gestational diabetes inositol

Inositol for Gestational Diabetes

Going through the ups and downs of a normal pregnancy is challenging at best. This challenge only increases if diagnosed with diabetes for the first time while pregnant. Known as gestational diabetes, a woman can develop diabetes during pregnancy even if they have never been diagnosed as diabetic, pre-diabetic, or having insulin resistance prior to the current diagnosis. 

With regular insulin shots and blood sugar checks, type-2 diabetes can be difficult to manage, and controlling it requires a big shift in your lifestyle. A diagnosis for gestational diabetes is not damning, but it does require a woman to seek treatment so that the baby’s and mother’s health are continually protected. 

One way that you can potentially prevent and treat gestational diabetes is through Myo-Inositol supplementation, which has been shown to improve insulin resistance in patients with gestational diabetes. If you’ve been recently diagnosed with gestational diabetes, here’s what you need to know to have a healthy pregnancy. 

Gestational Diabetes: What You Need to Know

Being diagnosed with diabetes during your pregnancy can be terrifying. Officially referred to as gestational diabetes mellitus (GDM), this condition shows up as high blood sugar during pregnancy, and the condition occurs in between 2% and 10% of annual pregnancies in the U.S. 

Gestational diabetes isn’t exactly like type-2 diabetes mellitus. Gestational diabetes is still diabetes, but it is distinctly known for being diagnosed for the first time while pregnant. Unlike type-2 diabetes, this strange phenomenon usually goes away around two weeks after you deliver your baby. 

Similar to other types of diabetes, gestational diabetes affects the way that your cells take up glucose or sugar. But getting it under control is necessary so that you and your baby remain healthy and so that you have a smooth delivery. Luckily, this is more than possible. 

Symptoms of gestational diabetes aren’t really noticeable, but you might be more thirsty or have to urinate more often. Unfortunately, these can also be side effects of pregnancy, so it can be difficult to know when this is abnormal. Regular doctor’s check-ups will be able to tell you if your blood sugar levels are normal or when intervention is necessary. 

You should see a doctor when you first find out you are pregnant. Your doctor can then walk you through all the tests needed to make sure that both you and your baby are healthy.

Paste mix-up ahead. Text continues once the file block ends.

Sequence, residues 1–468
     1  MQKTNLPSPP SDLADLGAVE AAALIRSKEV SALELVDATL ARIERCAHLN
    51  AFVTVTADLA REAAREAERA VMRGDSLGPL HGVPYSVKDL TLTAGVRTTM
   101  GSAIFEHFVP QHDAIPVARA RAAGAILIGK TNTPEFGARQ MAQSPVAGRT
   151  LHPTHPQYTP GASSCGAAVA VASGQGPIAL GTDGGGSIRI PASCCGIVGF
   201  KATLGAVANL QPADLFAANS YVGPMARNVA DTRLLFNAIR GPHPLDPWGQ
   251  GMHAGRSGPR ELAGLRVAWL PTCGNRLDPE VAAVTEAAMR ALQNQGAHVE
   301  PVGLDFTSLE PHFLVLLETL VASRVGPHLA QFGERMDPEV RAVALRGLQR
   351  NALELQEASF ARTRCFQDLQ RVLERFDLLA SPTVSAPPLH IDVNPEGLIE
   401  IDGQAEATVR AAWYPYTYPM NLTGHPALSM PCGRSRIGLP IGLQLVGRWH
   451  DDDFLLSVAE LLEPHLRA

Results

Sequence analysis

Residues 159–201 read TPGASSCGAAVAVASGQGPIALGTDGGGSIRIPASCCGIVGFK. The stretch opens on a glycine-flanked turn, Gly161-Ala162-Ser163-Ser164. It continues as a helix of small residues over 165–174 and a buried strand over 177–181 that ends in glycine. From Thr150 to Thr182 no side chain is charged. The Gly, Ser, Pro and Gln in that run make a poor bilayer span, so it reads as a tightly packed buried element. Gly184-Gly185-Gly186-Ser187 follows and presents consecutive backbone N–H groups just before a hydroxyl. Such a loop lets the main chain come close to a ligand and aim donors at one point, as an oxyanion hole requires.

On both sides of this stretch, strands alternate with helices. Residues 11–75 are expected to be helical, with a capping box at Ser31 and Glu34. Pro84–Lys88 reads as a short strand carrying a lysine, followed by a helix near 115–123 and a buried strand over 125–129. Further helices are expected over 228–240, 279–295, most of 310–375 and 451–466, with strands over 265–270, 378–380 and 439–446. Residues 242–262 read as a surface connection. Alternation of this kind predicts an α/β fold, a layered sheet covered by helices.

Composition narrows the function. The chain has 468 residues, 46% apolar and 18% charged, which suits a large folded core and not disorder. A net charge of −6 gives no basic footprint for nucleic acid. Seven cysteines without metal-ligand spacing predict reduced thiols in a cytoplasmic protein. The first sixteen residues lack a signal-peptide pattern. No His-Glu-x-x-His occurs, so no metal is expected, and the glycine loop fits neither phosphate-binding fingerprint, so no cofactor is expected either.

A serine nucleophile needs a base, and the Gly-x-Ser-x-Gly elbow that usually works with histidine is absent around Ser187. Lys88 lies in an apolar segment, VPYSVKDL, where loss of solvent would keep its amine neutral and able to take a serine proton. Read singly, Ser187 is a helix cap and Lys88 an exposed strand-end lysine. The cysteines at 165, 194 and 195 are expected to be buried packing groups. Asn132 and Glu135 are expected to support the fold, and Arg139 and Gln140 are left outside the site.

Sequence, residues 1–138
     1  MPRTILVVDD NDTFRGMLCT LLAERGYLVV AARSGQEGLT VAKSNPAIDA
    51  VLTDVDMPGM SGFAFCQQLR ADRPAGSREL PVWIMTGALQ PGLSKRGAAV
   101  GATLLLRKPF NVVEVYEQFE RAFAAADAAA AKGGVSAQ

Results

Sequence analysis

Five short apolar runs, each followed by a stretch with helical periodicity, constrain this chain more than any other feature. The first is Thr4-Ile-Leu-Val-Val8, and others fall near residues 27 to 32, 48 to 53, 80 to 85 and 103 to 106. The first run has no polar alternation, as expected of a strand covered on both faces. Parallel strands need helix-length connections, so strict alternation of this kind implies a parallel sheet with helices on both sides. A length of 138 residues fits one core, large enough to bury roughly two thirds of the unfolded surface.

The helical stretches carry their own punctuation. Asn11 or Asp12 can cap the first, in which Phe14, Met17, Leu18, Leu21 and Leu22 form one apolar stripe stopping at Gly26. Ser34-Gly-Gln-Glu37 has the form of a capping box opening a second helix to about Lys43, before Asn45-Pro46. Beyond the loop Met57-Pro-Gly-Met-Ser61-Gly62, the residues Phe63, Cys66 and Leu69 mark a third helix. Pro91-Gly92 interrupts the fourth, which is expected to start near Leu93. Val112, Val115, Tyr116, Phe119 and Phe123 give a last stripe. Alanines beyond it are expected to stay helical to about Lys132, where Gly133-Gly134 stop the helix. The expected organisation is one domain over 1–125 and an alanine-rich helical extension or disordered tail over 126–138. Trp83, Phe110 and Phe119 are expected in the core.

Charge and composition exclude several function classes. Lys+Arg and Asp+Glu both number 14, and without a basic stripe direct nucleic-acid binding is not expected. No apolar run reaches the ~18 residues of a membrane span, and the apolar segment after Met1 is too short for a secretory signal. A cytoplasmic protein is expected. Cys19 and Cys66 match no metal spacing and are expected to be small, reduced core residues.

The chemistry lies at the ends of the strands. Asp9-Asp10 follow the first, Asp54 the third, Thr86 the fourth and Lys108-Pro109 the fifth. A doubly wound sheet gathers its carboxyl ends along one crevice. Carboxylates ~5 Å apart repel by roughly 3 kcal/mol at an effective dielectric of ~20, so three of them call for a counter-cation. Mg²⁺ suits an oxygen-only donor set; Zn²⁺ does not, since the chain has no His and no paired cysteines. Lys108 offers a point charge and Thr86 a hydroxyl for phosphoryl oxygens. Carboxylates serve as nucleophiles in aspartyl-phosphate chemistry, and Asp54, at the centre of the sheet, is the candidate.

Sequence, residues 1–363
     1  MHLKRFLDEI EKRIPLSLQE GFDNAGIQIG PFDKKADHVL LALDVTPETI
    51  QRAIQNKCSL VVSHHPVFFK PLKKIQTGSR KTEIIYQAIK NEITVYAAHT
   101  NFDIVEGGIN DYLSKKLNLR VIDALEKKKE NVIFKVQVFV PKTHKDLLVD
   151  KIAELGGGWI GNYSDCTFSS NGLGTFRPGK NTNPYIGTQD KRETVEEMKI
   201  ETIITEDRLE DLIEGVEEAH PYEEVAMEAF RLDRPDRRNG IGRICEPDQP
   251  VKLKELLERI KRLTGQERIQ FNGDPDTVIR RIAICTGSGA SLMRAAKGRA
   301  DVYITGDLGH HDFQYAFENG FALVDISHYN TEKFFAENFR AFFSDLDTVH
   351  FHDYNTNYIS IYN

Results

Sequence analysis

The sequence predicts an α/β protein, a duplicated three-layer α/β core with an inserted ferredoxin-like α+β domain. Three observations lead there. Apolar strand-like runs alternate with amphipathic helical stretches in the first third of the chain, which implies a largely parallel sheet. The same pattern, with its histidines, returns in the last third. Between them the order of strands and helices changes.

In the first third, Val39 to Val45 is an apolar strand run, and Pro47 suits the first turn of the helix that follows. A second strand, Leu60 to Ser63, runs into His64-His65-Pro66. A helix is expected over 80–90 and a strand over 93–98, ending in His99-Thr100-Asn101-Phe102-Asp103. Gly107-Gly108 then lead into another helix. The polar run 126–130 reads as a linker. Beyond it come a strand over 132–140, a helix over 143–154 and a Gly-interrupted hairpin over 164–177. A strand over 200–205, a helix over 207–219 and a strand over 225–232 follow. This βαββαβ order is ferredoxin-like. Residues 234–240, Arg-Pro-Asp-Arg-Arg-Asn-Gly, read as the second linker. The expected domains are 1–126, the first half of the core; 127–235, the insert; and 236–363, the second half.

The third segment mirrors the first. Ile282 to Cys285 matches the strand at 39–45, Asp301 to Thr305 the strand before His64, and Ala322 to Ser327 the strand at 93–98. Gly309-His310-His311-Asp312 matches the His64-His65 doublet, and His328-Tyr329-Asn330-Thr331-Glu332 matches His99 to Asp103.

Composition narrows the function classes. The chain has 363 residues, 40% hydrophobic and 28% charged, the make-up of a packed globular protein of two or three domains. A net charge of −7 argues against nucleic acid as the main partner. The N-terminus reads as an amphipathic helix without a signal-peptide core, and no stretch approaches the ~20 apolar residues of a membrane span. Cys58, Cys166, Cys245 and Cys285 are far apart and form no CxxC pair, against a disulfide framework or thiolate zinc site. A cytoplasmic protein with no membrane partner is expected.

Causes and Risk Factors for Gestational Diabetes

Unfortunately, researchers aren’t altogether sure why gestational diabetes occurs. Since the body induces a number of hormonal changes, it can be hard to pinpoint the exact cause. 

Some risk factors might include: 

  • Excessive weight (like obesity and a high BMI)
  • Not being physically active or eating a healthy diet
  • Diabetes in a family member
  • Certain ethnicities might be at a greater risk
  • If you’ve had gestational diabetes or prediabetes before
  • Having polycystic ovarian syndrome (PCOS)

PCOS is one of the most prevalent known risk factors for gestational diabetes. A woman with PCOS is naturally producing higher levels of insulin and might be more likely to be insulin resistant or have a metabolic syndrome. 

Effects of Inositol

Luckily, expecting mothers are able to control high blood sugar levels by exercising, eating a healthy diet, and taking medication or supplements, like Myo-Inositol

Inositol, also known as vitamin B8, is a type of sugar that is naturally produced in our body and found in certain foods. Inositol is classified into two major types, Myo-Inositol and D-chiro-Inositol. Both variations of this supplement can be taken for a number of health benefits and play a vital function in the body’s cell membrane.

In addition to being a positive influence on insulin levels, Inositol may balance out important brain chemicals, such as serotonin and dopamine, and Inositol has been linked to positive results in mental health research (primarily with panic disorder, obsessive compulsive disorder, depression, and bipolar disorder). 

Inositol improves insulin function and reduces issues related to metabolic syndromeMetabolic syndrome is a group of conditions that might increase the risk of getting a chronic disease, such as heart disease and type-2 diabetes. The five main conditions that are usually associated with metabolic syndrome include: 

  • High blood sugar
  • High blood pressure
  • High levels of triglycerides in the blood
  • Low “good” HDL cholesterol
  • And excess fat in the stomach area